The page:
DEUTSCHE TEXTVERSION The seductive power of the strange | Roland Nachtigäller

The rain is at a pleasant temperature" says a slim young woman to a man on the way into an underground station. He doesn't answer, just moves on, and she also makes her way slowly down into the station and turns to the next man: "Are you listening? The rain is at a pleasant temperature." Although a statement like this could be the classic opening to a casual conversation at a party – on exactly the same lines as "Lovely weather we're having" –, it still seems to come out of the blue and sounds strangely out of place in the middle of a city street - especially when it is constantly repeated. It is an invitation to make conversation, a plea for communication, but just a little on the wrong side of the unwritten rules of public life; perhaps desperate, perhaps a little mad, but in any case threatening and confusing because it is so direct.

The rain is at a pleasant temperature  
p. 1, 3
Woobie #2 p. 2
Handmates p. 2
Sleeping Beauty p. 2
Switch p. 2
Tie or Untie p. 2
Can You Give Me Something? p. 2
NOFF #4 p. 2, 3
Enactments p. 2, 3 Martin Walde confronts these strange facets of everyday life with the same amazement and awkwardness as most other people: you look away, try to pretend it isn't happening, hurry on. But hours later, once he has got home, scenes like these catch Walde up again, and the protagonists come back to life in his drawings. Here reality and fantasy meet, memory and speculation, photograph and sketch. Martin Walde chose this statement by the lonely woman going into the underground station as the title for his exhibition at the Städtische Galerie Nordhorn, and he also used it for the central, expansive installation made up of light, dancing awnings in the large exhibition pavilion. And it was not a random choice: this sentence actually sums up the essential motifs of his projects.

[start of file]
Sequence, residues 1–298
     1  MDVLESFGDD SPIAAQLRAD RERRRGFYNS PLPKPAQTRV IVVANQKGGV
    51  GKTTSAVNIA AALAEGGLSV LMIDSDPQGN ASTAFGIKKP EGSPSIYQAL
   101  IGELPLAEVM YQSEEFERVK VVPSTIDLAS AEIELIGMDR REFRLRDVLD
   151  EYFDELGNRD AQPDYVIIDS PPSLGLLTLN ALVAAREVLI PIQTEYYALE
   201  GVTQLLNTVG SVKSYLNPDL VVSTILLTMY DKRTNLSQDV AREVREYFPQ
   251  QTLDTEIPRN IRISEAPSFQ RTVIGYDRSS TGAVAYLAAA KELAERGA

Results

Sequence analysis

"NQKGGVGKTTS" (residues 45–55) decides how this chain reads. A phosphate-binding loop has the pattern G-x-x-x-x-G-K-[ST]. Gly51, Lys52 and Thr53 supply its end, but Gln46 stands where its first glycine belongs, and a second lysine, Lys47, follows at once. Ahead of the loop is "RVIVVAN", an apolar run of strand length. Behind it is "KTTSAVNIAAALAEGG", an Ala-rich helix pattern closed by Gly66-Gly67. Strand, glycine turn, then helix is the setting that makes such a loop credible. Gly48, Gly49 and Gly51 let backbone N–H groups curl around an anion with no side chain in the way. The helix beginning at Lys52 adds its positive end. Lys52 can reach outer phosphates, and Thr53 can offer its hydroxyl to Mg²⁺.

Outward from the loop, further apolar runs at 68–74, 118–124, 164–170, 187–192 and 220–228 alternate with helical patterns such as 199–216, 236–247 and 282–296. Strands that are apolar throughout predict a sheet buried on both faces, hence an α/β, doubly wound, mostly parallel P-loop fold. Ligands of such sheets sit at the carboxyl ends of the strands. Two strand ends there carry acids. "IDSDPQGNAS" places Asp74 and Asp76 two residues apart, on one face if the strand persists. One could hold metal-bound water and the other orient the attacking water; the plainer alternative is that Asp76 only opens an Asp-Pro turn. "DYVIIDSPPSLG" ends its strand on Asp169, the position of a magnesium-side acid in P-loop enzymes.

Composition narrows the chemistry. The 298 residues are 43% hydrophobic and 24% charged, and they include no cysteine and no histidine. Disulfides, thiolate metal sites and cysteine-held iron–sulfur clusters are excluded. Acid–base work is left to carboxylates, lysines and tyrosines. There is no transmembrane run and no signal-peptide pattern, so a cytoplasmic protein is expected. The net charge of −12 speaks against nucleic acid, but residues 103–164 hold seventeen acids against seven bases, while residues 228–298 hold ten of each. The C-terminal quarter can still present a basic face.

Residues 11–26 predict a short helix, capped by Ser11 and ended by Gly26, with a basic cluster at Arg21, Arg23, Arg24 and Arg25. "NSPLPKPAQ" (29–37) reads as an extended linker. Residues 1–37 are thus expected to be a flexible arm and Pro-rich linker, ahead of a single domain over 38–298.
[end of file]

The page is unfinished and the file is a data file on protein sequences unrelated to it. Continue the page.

Loosing Control p. 3
Clips of Slips p. 3
Der Duft der verblühenden Alpenrose  
p. 3
Shrinking Bottles/ Melting Bottles  
p. 3
    – Communication as a challenge. An exhibition is always a dialogue. Visitors are being introduced to a rich, sometimes complex world of images and ideas. But when going into an exhibition, as a rule you don't know exactly what to expect, even though you may have had some preliminary information. The exhibits are just as likely to speak to visitors out of the blue as that woman wandering through the underground tunnels. And even if – especially with a view to the artistic developments of recent years – it might sound a little theatrical or idealistic - artists, and Martin Walde in particular, also badly want to use their work to make contact with the public, to launch a dialogue stubbornly, and to provoke a reaction (which is not necessarily always tangible).
Martin Walde pushes this confrontation between artist, exhibition venue, work and the public as far as he can by staging his exhibitions as definitely open situations: a range of items is on offer, but there are no rules or fixed guidelines. Although many of his works are extremely fragile, and demand a careful, though physical, approach, he takes up no position in relation to whether and how exhibits should be kept safe, ...follow me to the right(contined >>>)follow me to the right
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